The Smurfs celebrate their 50th birthday this week with a feature-length movie and new television series in the making. But what makes the blue goblin-like creatures so popular?
By Denise Winterman
BBC News Magazine
It doesn't sound like the most promising of creative pitches - the adventures of a cartoon tribe of bright blue elves from Belgium who lived in mushroom houses in the Middle Ages. But that, in a nugget, is what the Smurfs are about. And half a century after they emerged, the Smurfs are still finding new fans.
Not that their patriarch, Grandpa Smurf, would be very impressed by these claims of longevity. After all, he is 500 years old.
The Smurfs have sold more than 10 million albums in the last three years alone; their television series is currently showing in 30 countries and they recently bagged a Hollywood movie deal, according to their makers. They have a fanatical following, with some fans shelling out thousands of pounds as they build their collections. They're also instantly recognisable to people of all ages, in most countries.
The Smurfs were the creation of cartoonist Pierre Culliford, known as Peyo, and made their first appearance in a 1958 edition of Belgian comics magazine Le Journal de Spirou. From the start, it was a big cast list, with 101 different Smurfs - although just one was female.
Smurfs are instantly recognisable
They soon secured their own comic series, which ended up being translated in 25 different languages and is estimated to have sold 25 million copies worldwide.
But, unsurprisingly, it took American involvement - in the shape of a Hanna-Barbera TV cartoon series - to catapult the Smurfs on to the global stage. In Britain, at least, they were pushing at an open door. Sandwiched between Police 5 and reruns of Happy Days on ITV during Sunday lunch times, there was little else on TV to hold the attention of anyone under 35 years old.
The series recounted the adventures of Papa Smurf and his fellow Smurfs as they try to survive the evil plots of the (human) wizard Gargamel. They lived in the aforementioned mushroom houses and, inexplicably, peppered their conversation with the word "smurf". Their favourite snack was the plant sarsaparilla.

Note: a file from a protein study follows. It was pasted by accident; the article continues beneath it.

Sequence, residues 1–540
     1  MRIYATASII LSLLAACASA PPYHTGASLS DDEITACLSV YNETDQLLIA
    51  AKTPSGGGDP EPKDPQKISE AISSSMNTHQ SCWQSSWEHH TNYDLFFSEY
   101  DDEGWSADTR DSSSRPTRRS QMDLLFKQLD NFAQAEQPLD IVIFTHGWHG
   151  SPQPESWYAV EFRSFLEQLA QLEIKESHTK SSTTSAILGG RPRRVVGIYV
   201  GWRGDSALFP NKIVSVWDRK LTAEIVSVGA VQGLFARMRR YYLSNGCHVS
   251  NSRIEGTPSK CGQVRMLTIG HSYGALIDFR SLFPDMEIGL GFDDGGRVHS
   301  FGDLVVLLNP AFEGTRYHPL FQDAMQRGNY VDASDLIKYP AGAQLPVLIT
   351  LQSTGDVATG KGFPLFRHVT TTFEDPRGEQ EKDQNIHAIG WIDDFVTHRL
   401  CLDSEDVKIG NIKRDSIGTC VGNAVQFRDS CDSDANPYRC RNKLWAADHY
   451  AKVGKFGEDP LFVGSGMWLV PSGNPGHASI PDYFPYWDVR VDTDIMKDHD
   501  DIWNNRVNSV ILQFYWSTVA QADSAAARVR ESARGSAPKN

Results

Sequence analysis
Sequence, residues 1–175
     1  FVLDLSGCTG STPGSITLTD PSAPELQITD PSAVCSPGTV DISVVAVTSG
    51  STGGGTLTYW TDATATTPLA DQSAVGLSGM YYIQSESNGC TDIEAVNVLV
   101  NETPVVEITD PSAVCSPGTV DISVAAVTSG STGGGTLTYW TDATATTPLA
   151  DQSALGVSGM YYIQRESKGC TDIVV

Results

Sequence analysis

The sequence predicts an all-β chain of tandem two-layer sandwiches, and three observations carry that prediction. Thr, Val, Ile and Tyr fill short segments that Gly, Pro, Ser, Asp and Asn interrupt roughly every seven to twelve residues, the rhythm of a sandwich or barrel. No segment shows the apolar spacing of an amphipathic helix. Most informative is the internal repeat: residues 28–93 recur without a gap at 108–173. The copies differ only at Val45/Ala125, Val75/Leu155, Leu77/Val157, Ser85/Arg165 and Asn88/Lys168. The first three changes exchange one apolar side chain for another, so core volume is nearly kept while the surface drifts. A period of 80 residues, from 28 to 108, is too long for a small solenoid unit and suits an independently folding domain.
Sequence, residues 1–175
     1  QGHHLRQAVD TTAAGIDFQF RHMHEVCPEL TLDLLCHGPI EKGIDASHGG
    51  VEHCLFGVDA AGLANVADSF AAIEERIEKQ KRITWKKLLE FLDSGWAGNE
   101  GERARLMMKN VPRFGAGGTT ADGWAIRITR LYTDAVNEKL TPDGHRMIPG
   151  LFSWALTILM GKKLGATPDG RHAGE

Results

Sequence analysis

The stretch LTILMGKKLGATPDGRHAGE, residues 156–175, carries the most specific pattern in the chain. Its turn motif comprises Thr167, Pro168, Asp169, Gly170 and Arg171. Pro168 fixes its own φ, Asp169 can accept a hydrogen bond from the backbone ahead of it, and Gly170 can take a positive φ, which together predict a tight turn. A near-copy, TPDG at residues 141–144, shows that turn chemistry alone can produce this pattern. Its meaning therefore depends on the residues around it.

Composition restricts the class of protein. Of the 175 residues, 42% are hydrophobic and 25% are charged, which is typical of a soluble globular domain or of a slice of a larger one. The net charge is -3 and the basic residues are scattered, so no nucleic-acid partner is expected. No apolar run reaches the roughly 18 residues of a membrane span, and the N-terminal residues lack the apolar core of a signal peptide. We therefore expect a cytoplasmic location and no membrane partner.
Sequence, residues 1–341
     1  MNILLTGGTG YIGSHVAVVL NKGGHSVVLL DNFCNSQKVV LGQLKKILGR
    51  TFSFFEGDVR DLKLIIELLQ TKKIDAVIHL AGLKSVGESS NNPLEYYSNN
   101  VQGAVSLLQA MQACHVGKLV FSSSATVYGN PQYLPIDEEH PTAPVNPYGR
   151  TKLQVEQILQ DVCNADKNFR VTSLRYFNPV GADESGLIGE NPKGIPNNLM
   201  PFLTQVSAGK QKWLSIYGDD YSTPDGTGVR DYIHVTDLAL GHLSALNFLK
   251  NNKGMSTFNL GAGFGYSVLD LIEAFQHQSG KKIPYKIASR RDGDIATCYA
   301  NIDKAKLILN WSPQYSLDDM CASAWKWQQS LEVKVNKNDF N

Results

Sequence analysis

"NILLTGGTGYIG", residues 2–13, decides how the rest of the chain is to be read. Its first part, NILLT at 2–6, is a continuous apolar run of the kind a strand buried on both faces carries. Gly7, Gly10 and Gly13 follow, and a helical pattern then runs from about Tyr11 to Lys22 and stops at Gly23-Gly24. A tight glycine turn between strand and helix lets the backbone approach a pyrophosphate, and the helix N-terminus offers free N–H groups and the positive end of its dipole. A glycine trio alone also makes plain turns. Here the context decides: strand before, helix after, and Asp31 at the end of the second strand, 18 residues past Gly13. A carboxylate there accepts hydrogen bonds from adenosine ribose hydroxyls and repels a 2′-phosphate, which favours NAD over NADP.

In fact the Smurfs televisual debut in the UK had been presaged by what, in the late 1970s, was rather ambitiously billed as the "most exciting promotion of the decade" - free Smurf figurines given away by National garages with every X gallons of petrol bought. The promotion quickly turned the two-inch-high pixies into the hottest currency in school playgrounds since cigarette cards.
Their timeless appeal is largely down to their cuteness and the fact they don't date, say enthusiasts.
"They exist in their own little universe without any of the trapping of the modern day," says Alan Mechem from the British Smurf Collectors Club.
Fans even argue the early stories of these humble creatures were a metaphor for a tolerant, Utopian society.
Smurfs are now highly collectable
"The series wasn't just about sweet looking elves," says Mr Mechem. "Pierre Culliford wanted it to highlight things like racism and promote tolerance.
"The fact there was only one female Smurf in the village was used as a way to highlight and promote discussion about women's role in society and sexism."
However, these levels of complexity were lost in the television series, he believes.
And while some Smurf fans may continue to believe the meek shall inherit the earth, the wealthiest among them are willing to part with anything up to £1,000 for a rare figure.
"I have up to 5,000 Smurfs in my collection," says Mr Mechem. "But I don't keep them in my house because they are too valuable. They're in a safe place where I can go and look at them."
He refuses to be any more specific.
Collectors' fairs are held across Europe and hunting them down is a way of life for some.
The next generation
"I search every day on Ebay or mail with other collectors to buy Smurfs," says Christy Utterwulghe, an enthusiast from Belgium who has set up her own website in homage to them.
The original Papa Smurf - Peyo, who died in 1992